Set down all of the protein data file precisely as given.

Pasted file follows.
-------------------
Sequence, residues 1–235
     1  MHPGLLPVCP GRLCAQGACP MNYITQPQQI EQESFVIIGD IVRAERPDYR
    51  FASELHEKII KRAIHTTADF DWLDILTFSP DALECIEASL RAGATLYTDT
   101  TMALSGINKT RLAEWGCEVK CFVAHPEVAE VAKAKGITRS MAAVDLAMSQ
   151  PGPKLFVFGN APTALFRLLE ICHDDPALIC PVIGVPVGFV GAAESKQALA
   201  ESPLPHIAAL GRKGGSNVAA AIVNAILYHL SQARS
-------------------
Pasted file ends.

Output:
Sequence, residues 1–235
     1  MHPGLLPVCP GRLCAQGACP MNYITQPQQI EQESFVIIGD IVRAERPDYR
    51  FASELHEKII KRAIHTTADF DWLDILTFSP DALECIEASL RAGATLYTDT
   101  TMALSGINKT RLAEWGCEVK CFVAHPEVAE VAKAKGITRS MAAVDLAMSQ
   151  PGPKLFVFGN APTALFRLLE ICHDDPALIC PVIGVPVGFV GAAESKQALA
   201  ESPLPHIAAL GRKGGSNVAA AIVNAILYHL SQARS